Talking about race

racism word cloudWe need to have a serious discussion about race. Because believe it or not, not talking about race is not going to end racism; it is going to perpetuate complicity in a racist system. It’s not making you “colorblind” or stopping you from putting any stock in race, it’s just stopping you from being able to reason around race. Think about it:

By refusing to acknowledge the existence of the privileges and burdens of race, you are not negating their existence; you are negating your understanding of the world. Unless you still haven’t mastered object permanence, you should know better than to think that pretending you can’t see something makes it disappear; closing your eyes doesn’t make it stop existing any more than saying Peekaboo fools anyone. So, “not talking about it” is deluding yourself that it doesn’t happen, not stopping it from happening… which makes it intentional ignorance: you are purposefully deceiving yourself and voluntarily choosing not to see the world as it is.

Your intentional ignorance can lead to inadvertent ignorance for other people… and then they may easily fall victim to believing racial tropes and stereotypes. It sets an example that can justify for some people the validity of the view that talking about race perpetuates racism. And this is especially true for kids. Your kids learn primarily from you; they inherit from a very young age your world view. And if that world view doesn’t encompass problems of race, it abdicates that responsibility to the child and to the child’s other teachers, even if those teachers aren’t the best. You owe it to your child; they can’t see past something they don’t understand.

Ignorance (of a problem) is only bliss if you have the privilege of not needing a solution to that problem. But when the problem is a daily impediment to your functioning as an individual, then it’s not exactly plausible for you to pretend it doesn’t exist. Your ability to refuse to talk about it is proof that racism is real and ever-constant, not the other way around.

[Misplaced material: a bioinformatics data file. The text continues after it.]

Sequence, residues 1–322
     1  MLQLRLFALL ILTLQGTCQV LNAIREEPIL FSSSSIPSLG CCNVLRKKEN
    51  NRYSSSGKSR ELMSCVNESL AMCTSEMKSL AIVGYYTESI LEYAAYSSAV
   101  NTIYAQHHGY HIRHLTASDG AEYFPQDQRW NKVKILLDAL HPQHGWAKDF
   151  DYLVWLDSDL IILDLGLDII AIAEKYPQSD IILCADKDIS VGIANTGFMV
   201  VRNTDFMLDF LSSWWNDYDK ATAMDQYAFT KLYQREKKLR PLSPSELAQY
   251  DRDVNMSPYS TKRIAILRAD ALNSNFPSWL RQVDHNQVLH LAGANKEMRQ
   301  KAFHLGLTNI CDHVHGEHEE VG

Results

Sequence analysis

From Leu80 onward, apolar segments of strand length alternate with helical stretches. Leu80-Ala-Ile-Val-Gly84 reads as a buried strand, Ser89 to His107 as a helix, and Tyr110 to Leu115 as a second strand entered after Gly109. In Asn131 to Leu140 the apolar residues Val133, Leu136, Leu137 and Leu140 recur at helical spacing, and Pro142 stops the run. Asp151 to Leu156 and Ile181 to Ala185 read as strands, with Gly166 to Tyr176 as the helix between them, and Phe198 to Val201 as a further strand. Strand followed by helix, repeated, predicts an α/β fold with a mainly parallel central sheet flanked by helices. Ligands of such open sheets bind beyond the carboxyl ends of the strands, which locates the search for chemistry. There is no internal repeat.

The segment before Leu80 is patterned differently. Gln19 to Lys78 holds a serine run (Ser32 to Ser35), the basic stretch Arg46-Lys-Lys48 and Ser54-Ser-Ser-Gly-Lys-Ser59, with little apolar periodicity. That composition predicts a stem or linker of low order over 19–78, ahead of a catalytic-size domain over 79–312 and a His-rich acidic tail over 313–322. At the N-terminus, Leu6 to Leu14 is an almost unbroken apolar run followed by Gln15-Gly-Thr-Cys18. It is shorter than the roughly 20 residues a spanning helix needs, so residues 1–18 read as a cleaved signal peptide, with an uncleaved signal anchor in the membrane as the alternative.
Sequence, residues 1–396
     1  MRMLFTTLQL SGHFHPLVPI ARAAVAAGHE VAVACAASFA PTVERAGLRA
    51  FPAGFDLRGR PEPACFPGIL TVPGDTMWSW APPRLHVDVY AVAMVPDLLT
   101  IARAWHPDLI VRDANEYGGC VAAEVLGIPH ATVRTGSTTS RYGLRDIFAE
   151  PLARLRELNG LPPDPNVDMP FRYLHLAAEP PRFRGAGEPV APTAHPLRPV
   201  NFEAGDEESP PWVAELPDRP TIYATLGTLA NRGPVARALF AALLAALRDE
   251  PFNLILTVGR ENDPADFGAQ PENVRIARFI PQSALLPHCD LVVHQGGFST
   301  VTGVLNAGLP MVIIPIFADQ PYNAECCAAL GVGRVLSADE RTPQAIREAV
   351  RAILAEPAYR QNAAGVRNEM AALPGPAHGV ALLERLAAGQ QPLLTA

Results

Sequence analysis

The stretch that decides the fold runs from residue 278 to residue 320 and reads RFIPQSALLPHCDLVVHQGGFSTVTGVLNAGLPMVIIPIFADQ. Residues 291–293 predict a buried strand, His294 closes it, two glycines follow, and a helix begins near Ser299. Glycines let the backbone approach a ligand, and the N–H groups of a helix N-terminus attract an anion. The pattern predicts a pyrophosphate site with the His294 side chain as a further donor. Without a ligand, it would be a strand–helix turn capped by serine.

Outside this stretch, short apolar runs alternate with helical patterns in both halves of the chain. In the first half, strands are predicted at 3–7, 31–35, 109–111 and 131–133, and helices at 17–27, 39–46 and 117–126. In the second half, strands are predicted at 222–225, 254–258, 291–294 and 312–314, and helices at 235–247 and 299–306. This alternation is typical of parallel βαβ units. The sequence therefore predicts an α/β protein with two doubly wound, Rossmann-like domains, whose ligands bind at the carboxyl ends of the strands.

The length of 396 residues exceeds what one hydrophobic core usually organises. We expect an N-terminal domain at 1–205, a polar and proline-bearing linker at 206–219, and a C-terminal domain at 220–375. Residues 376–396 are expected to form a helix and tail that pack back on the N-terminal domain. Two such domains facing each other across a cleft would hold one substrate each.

By ignoring the struggles of an underprivileged race, you belittle and dismiss the struggles of an entire group of people, as if saying that one of the biggest fights of their life is beneath you and not really worth much to you. It’s not easy to constantly look back at your past and wonder which of your highs and lows were because of your pigmentation- especially the highs. To constantly second guess every success you’ve had because it might have just been that they were trying to meet a quota. I highly encourage you to read a rather eye-opening article “15 Questions White Folks Never Have to Ask Themselves” for more on this topic.

Just talking to members of your own race about the shared struggles you face isn’t enough. Talking about race is not reserved for minorities. To make change, there has to be compromise; and that means involving people from underprivileged and privileged groups. You have to have power and support to make change, and while one may lead to the other, neither can occur without the strength of the majority.

When I say “talk about race,” I also don’t mean just accusing people of racism or using a lack of racial privilege as an excuse. All that does is make it more difficult to have a lucid, intelligent conversation about race and give it a bad reputation in society. There are ways to have constructive dialogues about race that don’t just point fingers at privileged groups; as I said earlier, change is a collaborative effort. So somewhere along the way other people than just the “privileged” bought into the racist system too, which allowed it to flourish. So rather than blaming somebody for the privileges of their whiteness or ignoring the “invisible package of unearned assets” we are (or aren’t) granted merely by melanin levels, we need to acknowledge the privileges and inspire one another to strive for racial equality at the individual level. And that’s something for everyone: whites, blacks, browns, pinks, and oranges. More here.

We can’t change a problem that we refuse to acknowledge exists, and at it’s core, that’s exactly what not talking about race is. It’s not teaching ourselves to see people rather than color; it’s not dismantling race as a social construct; it’s not even helping us be “colorblind.” People argue that if “we just stop pointing out race” then the whole “race issue” will go away and “people will be equal.” But when we have reached the point where racism has been institutionalized (and then deinstitutionalized) and socialized to the point that we’re still wondering whether to talk about racial privilege, then we’ve gotten past the point where just not labeling somebody by their race will stop people being defined by their race.